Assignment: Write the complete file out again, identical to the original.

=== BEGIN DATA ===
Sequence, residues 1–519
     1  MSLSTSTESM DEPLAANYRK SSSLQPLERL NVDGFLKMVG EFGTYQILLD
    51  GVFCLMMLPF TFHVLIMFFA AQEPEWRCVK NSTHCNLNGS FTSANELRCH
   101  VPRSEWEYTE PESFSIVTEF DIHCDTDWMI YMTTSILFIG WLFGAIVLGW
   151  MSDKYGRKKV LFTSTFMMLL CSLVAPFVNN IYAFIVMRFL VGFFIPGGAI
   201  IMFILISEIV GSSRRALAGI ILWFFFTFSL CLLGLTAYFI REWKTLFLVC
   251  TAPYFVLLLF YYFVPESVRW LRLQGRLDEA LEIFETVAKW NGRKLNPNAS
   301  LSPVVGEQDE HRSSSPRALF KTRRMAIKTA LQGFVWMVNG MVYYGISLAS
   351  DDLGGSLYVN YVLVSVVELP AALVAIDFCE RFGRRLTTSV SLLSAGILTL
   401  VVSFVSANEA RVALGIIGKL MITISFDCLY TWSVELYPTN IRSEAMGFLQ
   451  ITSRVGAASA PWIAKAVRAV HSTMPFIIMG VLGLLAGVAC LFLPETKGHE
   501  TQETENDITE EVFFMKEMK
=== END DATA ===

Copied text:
Sequence, residues 1–519
     1  MSLSTSTESM DEPLAANYRK SSSLQPLERL NVDGFLKMVG EFGTYQILLD
    51  GVFCLMMLPF TFHVLIMFFA AQEPEWRCVK NSTHCNLNGS FTSANELRCH
   101  VPRSEWEYTE PESFSIVTEF DIHCDTDWMI YMTTSILFIG WLFGAIVLGW
   151  MSDKYGRKKV LFTSTFMMLL CSLVAPFVNN IYAFIVMRFL VGFFIPGGAI
   201  IMFILISEIV GSSRRALAGI ILWFFFTFSL CLLGLTAYFI REWKTLFLVC
   251  TAPYFVLLLF YYFVPESVRW LRLQGRLDEA LEIFETVAKW NGRKLNPNAS
   301  LSPVVGEQDE HRSSSPRALF KTRRMAIKTA LQGFVWMVNG MVYYGISLAS
   351  DDLGGSLYVN YVLVSVVELP AALVAIDFCE RFGRRLTTSV SLLSAGILTL
   401  VVSFVSANEA RVALGIIGKL MITISFDCLY TWSVELYPTN IRSEAMGFLQ
   451  ITSRVGAASA PWIAKAVRAV HSTMPFIIMG VLGLLAGVAC LFLPETKGHE
   501  TQETENDITE EVFFMKEMK